I think that Spike Lee made a small mistake in the ending of the film. In my opinion, the assassination of Malcolm should have been the end; maybe a voiceover from Washington over some images of the real Malcolm X would have been appropriate. But Lee chose to pound the point home with a kind of hokey montage that kind of says what the movie already said much more elegantly. Not that I disagree with what is said, but I think that Malcolm's story was enough. The rest really just ruined the atmosphere that the end of the actual film left me in.
I found this film to be extremely powerful. It has all the necessary ingredients: A good director, powerful actors, and a story of the epic struggle of good and evil, on a large and small scale. You can't do much better than that. Though I'm sure it sugar coats things a bit and takes some poetic license, everyone not familiar with Malcolm X would do well to watch it and at least have some understanding of the man and the times. Though much of his life was wasted in crime, and the rest somewhat wasted on an agenda of segregation that was really just a reflection of the very thing that killed his own father, he had a profound impact on this country. And though his legacy does not match that of Dr King's, it certainly has outlived and outshined that of those who took his life.
Denzel Washington and Angela Bassett give outstanding performances here. I personally believe that Washington in particular should have gotten an Oscar for his role. He really nails the performance overall, and gives some incredibly stirring renditions of some of Malcolm's speeches. And in this case, the film is made even more realistic by the fact that Washington has a relatively close physical resemblance to the historical figure. So you don't even have to strain your imagination much to believe that he really is Malcolm X.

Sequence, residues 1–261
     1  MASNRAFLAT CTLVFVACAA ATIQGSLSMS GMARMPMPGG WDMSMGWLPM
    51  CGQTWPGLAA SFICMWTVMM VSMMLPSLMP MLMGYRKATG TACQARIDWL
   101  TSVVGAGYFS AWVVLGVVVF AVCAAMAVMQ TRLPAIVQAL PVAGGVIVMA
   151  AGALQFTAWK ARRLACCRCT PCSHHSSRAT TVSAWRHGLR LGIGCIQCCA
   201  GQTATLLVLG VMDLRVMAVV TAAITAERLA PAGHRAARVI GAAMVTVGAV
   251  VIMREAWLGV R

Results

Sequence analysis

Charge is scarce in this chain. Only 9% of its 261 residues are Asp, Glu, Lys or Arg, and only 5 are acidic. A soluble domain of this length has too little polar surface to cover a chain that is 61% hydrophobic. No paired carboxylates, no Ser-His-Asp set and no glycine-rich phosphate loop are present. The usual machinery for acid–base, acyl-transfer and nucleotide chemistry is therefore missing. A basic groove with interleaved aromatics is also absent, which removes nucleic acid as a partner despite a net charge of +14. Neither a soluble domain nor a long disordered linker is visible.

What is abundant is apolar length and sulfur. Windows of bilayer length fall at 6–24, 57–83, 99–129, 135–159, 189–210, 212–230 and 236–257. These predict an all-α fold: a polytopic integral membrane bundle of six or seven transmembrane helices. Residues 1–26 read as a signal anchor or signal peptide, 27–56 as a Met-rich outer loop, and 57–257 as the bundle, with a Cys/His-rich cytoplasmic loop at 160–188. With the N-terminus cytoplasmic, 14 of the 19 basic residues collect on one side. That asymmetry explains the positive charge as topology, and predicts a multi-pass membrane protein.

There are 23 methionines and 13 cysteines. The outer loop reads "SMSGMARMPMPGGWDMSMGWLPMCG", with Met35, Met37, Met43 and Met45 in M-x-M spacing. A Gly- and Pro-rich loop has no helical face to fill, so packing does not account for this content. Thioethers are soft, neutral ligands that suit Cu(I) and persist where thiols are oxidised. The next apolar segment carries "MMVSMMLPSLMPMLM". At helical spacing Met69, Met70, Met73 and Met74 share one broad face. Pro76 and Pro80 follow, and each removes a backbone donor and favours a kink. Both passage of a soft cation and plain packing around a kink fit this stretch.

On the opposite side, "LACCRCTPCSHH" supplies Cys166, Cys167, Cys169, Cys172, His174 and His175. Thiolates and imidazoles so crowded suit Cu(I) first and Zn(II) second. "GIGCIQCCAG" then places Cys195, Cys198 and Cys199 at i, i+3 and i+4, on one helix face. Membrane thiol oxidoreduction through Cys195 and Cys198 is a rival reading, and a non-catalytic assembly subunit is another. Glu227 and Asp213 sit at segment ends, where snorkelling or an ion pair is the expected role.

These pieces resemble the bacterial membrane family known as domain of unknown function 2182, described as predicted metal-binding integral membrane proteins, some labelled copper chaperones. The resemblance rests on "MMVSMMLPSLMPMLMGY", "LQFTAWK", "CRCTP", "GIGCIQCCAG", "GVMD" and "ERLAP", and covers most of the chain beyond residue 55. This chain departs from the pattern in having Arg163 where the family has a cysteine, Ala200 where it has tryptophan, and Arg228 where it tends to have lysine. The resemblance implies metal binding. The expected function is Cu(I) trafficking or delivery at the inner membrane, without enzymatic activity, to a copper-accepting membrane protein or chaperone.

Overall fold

So I strongly recommend this film, both for the socially conscious and historically relevant message it delivers and also for great entertainment value. Though its a very powerful and serious film overall, don't assume that its all dead serious. There are funny moments as well. If it had just had some extras, it would have been a very high scorer.
Review content copyright © 2000 Dean Roddey; Site layout and review format copyright © 1998 - 2015 HipClick Designs LLC
Scales of Justice
Studio: Warner Bros.
* 1.85:1 Anamorphic
* Dolby Digital 5.1 Surround (English)
Running Time: 201 Minutes
Release Year: 1992
MPAA Rating: Rated PG-13